Question 4: Is Airbnb losing focus on host-to-guest interactions?
That connectedness—the special magic that happens between hosts and guests—is what hosts like you uniquely bring to the platform. It’s also what makes people choose Airbnb. And it’s core to our mission to allow anyone to belong anywhere—belonging can’t happen without human connection.
Listings like yours drive our business. We’re committed—and will forever be committed—to our host community. This fall, we celebrated that community with our first major ad campaign in two years. We wanted to make a statement to the world about who we are and what’s important to us, so we chose to showcase what makes our community so amazing: hosts like you.
I Disagree with you Josie & Carlo - I am NOT racist - I rent out to various individuals - in fact for New Years on the main floor I have a group of 11 from India and on the upper apartment 2 couples from Japan. And they each supplied photos and they each are being treated like family.
I definitely agree that photos can be a tool for racist refusals, but there are ways to track and remove hosts whose behavior indicates that trend.
I have had great experiences with people from all walks of life, countries, religions, skin color, etc. I have had several issues though, one was a guest from Belarus who commented in writing that personal pictures in MY HOME were too personal, the second was a guest who just was nuts with both other guests and me and then called me a Nazi and the third was a guest I declined due to MY health reasons and was accused of bias due to their surname. If this person had actually looked at my many reviews they would have seen the variety of people who had stayed with me and known that I also occasionally suffer from religious bias. I was offended by each in its' own way but made the choice to move past them quickly. It is important that one both sides of the equation we encourage being both the welcoming host and appropriate guest.
JOSIE-AND-CARLO...i AM A WHITE HOST IN A PRIMARILY BLACK NEIGHBORHOOD, BORN AND RAISED IN ALABAMA, BUT BECAME A MILITARY WIFE AND NEVER HAVE BEEN PREDJUDICED AGAINST ANYONE OF ANY COLOR. I TREAT EVERY HUMAN BEING THAT COMES TO MY HOME LIKE FAMILY IF THEY ACT ACCORDINGLY. So you are wrong there. Photos on inquiry give some idea of who is coming to visit, and a host can use their instincts to make a judgement call. I accepted a black couple whose photo showed them dressed for a costume party with hats, funny glasses, glitter...they were the sweetest two people, christian youth teachers at their church, but their photo made them look like party animals. I just had a good feeling about them from the photo. So yes, we need the photo, but no not to screen racially. I have now had people from several continents, even the one where my son died in combat...without a problem.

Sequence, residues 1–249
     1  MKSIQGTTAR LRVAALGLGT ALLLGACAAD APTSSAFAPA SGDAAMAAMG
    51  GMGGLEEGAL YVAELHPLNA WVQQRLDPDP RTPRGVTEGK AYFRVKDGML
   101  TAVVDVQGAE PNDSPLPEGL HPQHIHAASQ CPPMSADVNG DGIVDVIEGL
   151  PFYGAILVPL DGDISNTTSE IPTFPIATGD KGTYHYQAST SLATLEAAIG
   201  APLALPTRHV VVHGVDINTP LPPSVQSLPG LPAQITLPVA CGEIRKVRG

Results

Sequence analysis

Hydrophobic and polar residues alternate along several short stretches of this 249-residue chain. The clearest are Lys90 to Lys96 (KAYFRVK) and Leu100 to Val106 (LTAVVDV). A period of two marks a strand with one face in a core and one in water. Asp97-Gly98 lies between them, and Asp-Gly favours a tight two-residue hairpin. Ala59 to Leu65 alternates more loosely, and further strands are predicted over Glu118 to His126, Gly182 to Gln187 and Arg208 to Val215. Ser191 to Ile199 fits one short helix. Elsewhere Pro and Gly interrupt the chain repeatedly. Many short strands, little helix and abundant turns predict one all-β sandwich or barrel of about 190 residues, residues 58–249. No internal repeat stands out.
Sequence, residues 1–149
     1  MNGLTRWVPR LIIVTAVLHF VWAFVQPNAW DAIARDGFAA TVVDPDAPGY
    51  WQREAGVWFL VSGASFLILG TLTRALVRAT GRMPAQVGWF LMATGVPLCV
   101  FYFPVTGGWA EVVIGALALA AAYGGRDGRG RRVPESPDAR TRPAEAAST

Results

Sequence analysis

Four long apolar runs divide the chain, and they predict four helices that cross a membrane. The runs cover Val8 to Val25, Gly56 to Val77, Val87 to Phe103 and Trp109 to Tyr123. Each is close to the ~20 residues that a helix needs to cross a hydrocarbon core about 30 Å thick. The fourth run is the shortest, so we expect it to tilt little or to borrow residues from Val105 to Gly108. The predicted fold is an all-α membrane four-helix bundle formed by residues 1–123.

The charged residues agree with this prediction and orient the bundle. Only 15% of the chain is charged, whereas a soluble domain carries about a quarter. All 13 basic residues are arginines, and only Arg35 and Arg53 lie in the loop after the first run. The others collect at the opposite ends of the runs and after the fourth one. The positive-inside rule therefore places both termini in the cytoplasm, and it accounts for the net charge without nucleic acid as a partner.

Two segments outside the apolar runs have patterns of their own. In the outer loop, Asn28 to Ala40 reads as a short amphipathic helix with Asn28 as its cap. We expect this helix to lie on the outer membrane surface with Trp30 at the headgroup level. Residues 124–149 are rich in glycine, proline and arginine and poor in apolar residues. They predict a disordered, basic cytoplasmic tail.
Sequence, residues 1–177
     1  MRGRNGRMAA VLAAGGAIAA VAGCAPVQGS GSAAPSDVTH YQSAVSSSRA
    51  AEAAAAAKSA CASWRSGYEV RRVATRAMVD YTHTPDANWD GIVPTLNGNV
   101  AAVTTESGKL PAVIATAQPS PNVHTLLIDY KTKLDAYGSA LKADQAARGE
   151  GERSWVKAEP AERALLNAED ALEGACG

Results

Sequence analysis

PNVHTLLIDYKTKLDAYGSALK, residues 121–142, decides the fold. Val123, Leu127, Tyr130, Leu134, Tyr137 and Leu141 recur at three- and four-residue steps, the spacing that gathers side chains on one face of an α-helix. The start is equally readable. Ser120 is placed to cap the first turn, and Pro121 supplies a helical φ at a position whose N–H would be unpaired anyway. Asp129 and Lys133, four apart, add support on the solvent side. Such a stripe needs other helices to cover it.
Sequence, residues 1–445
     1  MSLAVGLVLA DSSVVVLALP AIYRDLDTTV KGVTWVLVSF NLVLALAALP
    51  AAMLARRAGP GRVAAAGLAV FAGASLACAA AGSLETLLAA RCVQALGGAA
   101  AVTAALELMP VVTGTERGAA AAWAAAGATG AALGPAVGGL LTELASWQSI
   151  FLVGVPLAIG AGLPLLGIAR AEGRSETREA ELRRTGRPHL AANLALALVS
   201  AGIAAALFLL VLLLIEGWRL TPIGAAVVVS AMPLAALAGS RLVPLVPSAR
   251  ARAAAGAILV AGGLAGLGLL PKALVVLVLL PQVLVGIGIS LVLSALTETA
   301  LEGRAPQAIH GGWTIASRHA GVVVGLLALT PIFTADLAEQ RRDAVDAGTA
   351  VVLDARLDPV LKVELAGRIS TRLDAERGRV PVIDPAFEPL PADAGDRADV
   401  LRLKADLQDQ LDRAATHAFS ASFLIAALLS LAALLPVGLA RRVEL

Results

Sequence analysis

How would seeing the photo of a guest before their reservation is confirmed, have any effect other that racist/prejudice exclusion? How the person looks is 100% irrelevant. What matters are reviews and communication. If you do not wish to host guests without reviews, that I can understand, but choosing whether or not to host someone with or without reviews, based on how they look, is ridiculous. As another host has mentioned, I do require all of my guests to have a clear photo of their face (after the booking is confirmed), so that I know who to expect and that the correct person shows up, but it has nothing to do with the acceptance of the review. The same goes for communication if you will be sharing the residence; I would not feel comfortable hosting someone(s) who simply do not respond to any of my messages, as it has only led to stress in the past (especially for longer stays). This whole "my home, my rules" idea is great when you decide which of your friends and family stay with you, but that is not what airbnb is about. It's not about exclusion, racism, prejudice, etc. It allows you to turn your residence/property into an "bed and breakfast" or simply a rental property. A business which services the public, to include all those looking for a place to stay, where the only exclusotory factor should be those which pose a direct threat to comfort and safety. Last I checked, a person's skin color or general appearance poses no such threat.